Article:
Even in default, you can't say that Donald Trump was wrong. All that borrowed money raised him from a status of "simple rich boy" into mogulhood. Saving your pennies is a fine idea. But it takes leverage to levitate into the ranks of the well-to-do.

With leverage, you put up a small amount of cash in order to control a much larger investment. The classic leveraged investment is a home mortgage, which, for most Americans, is the basic wealth-building loan.

Many home-improvement loans also add value. The rule: An improvement makes sense if it adds $2 of value for every $1 you spend.

Ask any mogul: You can get richer, faster, by investing other people's money as well as your own. But loans have to be serviced, and that's where Trump went wrong. He broke most of the rules of prudent real-estate investing and didn't get away with it. Here are those rules, and how you can do it right:

An investment property ought to support itself. If you buy a two-family house, the rents should cover all of the costs plus a cushion for contingencies. Then it won't matter if the value of the property falls temporarily. It still will be paying for itself.

You can risk buying a property that doesn't support itself only if you have plenty of liquidity on the side. A "liquid" investment is one that can be turned into cash at a moment's notice with no loss in value. Money-market accounts are liquid. Stocks are liquid. Real estate isn't, because it usually takes a while to sell. (And to sell fast, you'll probably have to cut the price.)

If you buy a property that costs $2,000 a year to run, after rents, you should have that annual $2,000 already in the bank. In fact, you need more than $2,000, because you might have to carry the property for a month or two in between tenants. You also need enough money to make unexpected repairs. So real-estate investments should always be balanced with ready cash.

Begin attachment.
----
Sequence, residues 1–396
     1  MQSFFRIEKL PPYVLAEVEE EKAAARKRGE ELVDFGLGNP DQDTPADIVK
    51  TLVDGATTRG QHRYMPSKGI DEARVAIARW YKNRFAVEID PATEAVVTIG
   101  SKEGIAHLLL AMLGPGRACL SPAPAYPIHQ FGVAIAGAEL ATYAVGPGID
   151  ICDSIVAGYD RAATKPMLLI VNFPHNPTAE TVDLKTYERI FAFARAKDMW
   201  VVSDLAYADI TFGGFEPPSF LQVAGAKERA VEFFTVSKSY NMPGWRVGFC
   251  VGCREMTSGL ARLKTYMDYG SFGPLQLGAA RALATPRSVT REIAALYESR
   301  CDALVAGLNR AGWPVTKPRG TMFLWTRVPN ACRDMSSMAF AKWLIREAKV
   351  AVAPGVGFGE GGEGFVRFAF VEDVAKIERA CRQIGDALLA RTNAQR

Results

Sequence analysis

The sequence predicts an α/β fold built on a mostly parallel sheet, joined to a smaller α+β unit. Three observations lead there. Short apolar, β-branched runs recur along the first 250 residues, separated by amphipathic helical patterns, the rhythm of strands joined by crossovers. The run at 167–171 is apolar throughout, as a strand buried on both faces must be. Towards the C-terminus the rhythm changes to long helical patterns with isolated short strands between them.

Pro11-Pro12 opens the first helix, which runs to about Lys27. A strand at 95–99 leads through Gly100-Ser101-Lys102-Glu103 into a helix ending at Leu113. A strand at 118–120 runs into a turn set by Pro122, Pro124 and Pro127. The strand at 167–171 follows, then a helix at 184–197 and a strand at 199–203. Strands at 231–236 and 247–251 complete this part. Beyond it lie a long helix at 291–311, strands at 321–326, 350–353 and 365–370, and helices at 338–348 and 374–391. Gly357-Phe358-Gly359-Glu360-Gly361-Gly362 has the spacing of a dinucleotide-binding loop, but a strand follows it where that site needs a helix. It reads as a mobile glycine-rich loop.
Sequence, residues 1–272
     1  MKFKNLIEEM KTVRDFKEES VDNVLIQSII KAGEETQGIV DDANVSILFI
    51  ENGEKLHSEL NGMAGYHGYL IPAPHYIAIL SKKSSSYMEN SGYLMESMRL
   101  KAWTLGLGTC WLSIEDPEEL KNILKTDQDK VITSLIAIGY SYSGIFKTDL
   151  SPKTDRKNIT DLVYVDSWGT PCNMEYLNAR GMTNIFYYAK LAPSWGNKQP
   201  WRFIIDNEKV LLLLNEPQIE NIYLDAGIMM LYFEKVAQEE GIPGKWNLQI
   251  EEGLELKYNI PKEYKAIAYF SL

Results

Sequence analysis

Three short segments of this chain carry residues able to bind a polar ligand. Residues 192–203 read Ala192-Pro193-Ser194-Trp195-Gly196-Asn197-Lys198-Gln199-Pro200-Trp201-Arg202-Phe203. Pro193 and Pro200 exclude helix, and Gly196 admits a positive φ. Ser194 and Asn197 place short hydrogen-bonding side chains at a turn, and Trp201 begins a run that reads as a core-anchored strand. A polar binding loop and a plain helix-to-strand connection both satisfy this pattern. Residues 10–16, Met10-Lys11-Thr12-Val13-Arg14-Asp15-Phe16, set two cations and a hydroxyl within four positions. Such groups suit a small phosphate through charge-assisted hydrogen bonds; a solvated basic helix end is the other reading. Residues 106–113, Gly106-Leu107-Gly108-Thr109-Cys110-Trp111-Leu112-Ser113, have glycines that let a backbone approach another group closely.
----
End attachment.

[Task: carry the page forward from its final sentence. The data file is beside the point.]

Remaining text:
If you're buying raw land, you need a tremendous amount of liquidity. Raw land doesn't yield any income. Instead, it eats money, in the form of the real estate taxes you have to pay. You also need liability insurance, in case someone is injured on the property.

The risks in raw-land investing are huge. Maybe the town will rezone it from commercial down to residential, reducing its value. Maybe someone will discover buried oil drums there that will cost a fortune to clean up.

The average investor can't get a loan against raw land. But you might borrow against another piece of property in order to make the purchase. That adds interest payments to an investment that produces no current income.

Don't take on the risks of raw land unless you're wealthy enough to carry the property for many years more than you originally expected, without any risk to your personal finances. John Reed, publisher of the Real Estate Investor's Monthly, says that raw land is not something you own, it's something you flip. Take an option to buy the property, subdivide it, exercise the option and resell immediately to a developer.

When you borrow against your salary, prepare an escape hatch. First, all your monthly payments (including the mortgage) shouldn't top 40 percent of your gross monthly income. Second, determine how you'll meet your loan payments if you lose your job. One fallback: Three months' income in the bank. Another: An open home-equity line of credit that you can use in a pinch.